"Dual use" products (such as encryption software) which circulate solely within the EU are not subject to any export controls between EU Member States, except for a small number of sensitive items.

In relation to the export of products outside the EU there are some complications due to differences in the approach to export control between the US and the EU. The US export controls include an exemption for "mass market" items (see US "Mass Market" guidance). This is less restrictive than the EU exemption for products that are generally available to the public (see EU Guidance note 1/2016). This can mean that products can be covered by the US "mass market" exemption but still be regarded as being subject to EU export control.

Following Brexit (No Deal)

Following Brexit the EU rules will continue unchanged. In the event the UK exits the EU without having agreed a withdrawal agreement with the EU (a ‘no deal’ Brexit), the UK will immediately be regarded as being a third country for the purposes of EU export control.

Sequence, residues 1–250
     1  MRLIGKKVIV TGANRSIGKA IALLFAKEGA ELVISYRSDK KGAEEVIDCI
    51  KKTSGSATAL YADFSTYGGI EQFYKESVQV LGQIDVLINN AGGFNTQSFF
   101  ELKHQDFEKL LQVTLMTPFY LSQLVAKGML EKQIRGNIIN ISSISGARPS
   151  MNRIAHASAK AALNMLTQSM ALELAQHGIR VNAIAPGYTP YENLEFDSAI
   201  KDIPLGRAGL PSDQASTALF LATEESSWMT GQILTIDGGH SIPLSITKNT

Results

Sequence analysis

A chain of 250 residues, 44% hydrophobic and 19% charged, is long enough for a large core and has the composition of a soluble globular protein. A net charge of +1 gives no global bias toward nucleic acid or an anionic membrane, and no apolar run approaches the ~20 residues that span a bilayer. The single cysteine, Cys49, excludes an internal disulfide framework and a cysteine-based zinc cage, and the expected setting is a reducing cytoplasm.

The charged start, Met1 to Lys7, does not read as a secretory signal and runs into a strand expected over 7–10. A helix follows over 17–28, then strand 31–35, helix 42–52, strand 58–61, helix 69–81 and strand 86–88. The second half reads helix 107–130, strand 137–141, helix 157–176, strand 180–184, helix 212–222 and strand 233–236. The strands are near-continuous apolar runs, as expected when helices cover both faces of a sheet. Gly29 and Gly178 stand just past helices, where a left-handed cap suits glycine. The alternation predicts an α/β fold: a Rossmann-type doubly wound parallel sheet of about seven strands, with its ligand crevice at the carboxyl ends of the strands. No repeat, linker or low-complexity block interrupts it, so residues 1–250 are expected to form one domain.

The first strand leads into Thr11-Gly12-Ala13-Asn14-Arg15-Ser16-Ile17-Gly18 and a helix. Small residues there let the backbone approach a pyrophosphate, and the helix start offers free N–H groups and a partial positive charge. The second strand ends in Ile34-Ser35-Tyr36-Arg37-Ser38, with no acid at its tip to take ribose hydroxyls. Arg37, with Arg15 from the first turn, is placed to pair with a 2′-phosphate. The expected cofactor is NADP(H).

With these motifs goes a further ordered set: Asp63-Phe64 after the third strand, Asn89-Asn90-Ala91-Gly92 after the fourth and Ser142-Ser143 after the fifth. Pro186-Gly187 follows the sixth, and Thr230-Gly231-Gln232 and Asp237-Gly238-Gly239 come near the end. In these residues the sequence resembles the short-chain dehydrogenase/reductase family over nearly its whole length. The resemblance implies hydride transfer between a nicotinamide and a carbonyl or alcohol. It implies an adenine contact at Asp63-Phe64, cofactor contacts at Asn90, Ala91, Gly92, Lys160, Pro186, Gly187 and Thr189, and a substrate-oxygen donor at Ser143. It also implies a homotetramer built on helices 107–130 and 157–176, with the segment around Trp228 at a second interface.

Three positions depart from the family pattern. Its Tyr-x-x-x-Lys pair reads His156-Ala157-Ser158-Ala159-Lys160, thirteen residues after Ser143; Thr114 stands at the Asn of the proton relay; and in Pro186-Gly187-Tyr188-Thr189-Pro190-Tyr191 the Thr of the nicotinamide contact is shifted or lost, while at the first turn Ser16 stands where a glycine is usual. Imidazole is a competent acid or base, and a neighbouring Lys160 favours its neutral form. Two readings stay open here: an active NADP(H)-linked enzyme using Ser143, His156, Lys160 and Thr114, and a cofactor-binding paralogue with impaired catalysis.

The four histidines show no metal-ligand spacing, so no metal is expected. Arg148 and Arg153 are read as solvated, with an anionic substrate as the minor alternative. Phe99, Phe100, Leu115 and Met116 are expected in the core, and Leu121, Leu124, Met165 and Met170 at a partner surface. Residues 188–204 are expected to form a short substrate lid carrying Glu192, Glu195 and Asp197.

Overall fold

In the event of a no deal Brexit, the EU Dual Use Regulation will be incorporated into UK law under with European Union (Withdrawal) Act 2018 . The draft Trade etc. in Dual-Use Items, Firearms and Torture etc. Goods (Amendment) (EU Exit) Regulations 2019 (once law) will make amendments to the retained EU Dual Use Regulation so that they operate in a UK context post-Brexit. Other amendments to legislation in the field of customs and in particular in relation to export and other trade controls on military and dual-use goods are made by the Export Control (Amendment) (EU Exit) Regulations 2019, SI 2019/137.